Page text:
In discussing land divisions some 20 different kinds are listed, including a desert (“a tract of land nearly or quite barren”) and an oasis (“a fertile spot in the desert”) with both of these rating an illustration as shown above.

to be continued

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Shin Bet Chief on Internet Dangers

November 2nd, 2010 Comments off

They say when you have a hammer, every problem begins to look like a nail. I suppose when you’re an internal security service, everything begins to look like it’s helping your enemies.

Israeli Shin Bet Chief Yuval Diskin told a conference on homeland security that Google Earth, the Internet, and smartphone apps have given terrorists access to intelligence they didn’t have before. He said:

“The terrorist threat in the future has become more complex,” Diskin said. “The world has turned into a ‘global village’ and everything is available to everyone. The world is smaller and broader and technology can cross continents.”

Don’t you just hate it when that happens?

The Internet has made it possible for a lot more openness: this blog once had some fun with Google Earth that might not sit well with Shin Bet, but that I would consider liberating, not threatening. On the whole, I think technology has opened things up, because it empowers everyone, not just the terrorists. Arabs can read the Israeli media. Arabs and Israelis quarrel all the time on forums, but at least they’re interacting. Technology is opening up the world, and that’s for the best. They can have my Google Earth when they pry it from my cold, dead hands.

Oh, yes: those dangerous IPhone apps Diskin mentioned: are they available for Android?

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Climate Change: 18 Percent more Freshwater circulating into Oceans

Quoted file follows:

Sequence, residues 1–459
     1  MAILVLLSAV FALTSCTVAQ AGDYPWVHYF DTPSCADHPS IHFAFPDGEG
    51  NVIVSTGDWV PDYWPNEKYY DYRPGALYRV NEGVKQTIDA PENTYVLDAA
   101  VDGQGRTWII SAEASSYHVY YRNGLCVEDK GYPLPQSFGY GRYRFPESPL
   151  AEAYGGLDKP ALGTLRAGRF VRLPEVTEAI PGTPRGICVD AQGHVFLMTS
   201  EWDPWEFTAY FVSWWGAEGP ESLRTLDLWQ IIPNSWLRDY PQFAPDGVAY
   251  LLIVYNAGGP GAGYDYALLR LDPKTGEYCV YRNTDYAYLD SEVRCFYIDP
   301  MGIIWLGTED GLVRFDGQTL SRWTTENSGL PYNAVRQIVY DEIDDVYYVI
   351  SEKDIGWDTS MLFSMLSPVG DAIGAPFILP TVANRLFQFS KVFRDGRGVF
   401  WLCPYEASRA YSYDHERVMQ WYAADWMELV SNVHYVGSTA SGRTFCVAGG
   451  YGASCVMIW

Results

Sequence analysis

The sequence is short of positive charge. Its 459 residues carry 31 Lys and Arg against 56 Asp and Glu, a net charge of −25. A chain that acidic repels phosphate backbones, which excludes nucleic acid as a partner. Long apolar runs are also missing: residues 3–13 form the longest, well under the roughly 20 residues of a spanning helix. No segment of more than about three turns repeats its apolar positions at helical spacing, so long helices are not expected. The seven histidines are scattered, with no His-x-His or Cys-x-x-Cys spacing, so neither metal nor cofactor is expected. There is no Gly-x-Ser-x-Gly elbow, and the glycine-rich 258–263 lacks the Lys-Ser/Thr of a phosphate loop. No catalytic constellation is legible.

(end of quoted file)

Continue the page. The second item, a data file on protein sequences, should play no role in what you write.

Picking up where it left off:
October 7th, 2010 Comments off

“Freshwater is flowing into Earth’s oceans in greater amounts every year, a team of researchers has found, thanks to more frequent and extreme storms linked to global warming. All told, 18 percent more water fed into the world’s oceans from rivers and melting polar ice sheets in 2006 than in 1994, with an average annual rise of 1.5 percent…”

‘…. “precipitation is increasing in the tropics and the Arctic Circle with heavier, more punishing storms. Meanwhile, hundreds of millions of people live in semiarid regions, and those are drying up.” ‘

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Google Earth helps discover massive meteor crater

September 29th, 2010 Comments off

Google Earth has helped spot a meteor crater in Egypt that lay undiscovered, which could help scientists size up risks of potentially catastrophic impacts.
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Noah and the ark, seven centuries ago

July 6th, 2010 Comments off

The story of Noah is shared in the three main monotheisms and still inspires creationists who are convinced that opportunist quasi-Neptunist forces from the great Deluge laid down almost all sedimentary layers on Earth. Above is an illustration from the Jami‘ al-tawarikh, produced in 1314/1315 for the Iranian vizier Rashid al-Din. In this case the ark was not the biblical box but a typical Arab dhow of the time with two masts, two steering oars and a rudder. The manuscript is housed in the Nasser D. Khalili Collection of Islamic Art in London.

Illustration from Art of the First Cities, edited by Joan Aruz (New York: Metropolitan Museum of Art, 2003), p. 491.

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Lanterns on for Earth Hour in UAE

March 27th, 2010 Comments off

Hundreds, from white-robed Emiratis to foreigners in shorts, march with small lanterns for Earth Hour.
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Heard before…: "Netanyahu, to press the US to release sophisticated bunker-buster bombs for Iran strike"

March 21st, 2010 Comments off

LT/ here … Another earth shattering piece of complementary news: “Ban Ki-moon, said: “Let us be clear: all settlement activity must stop”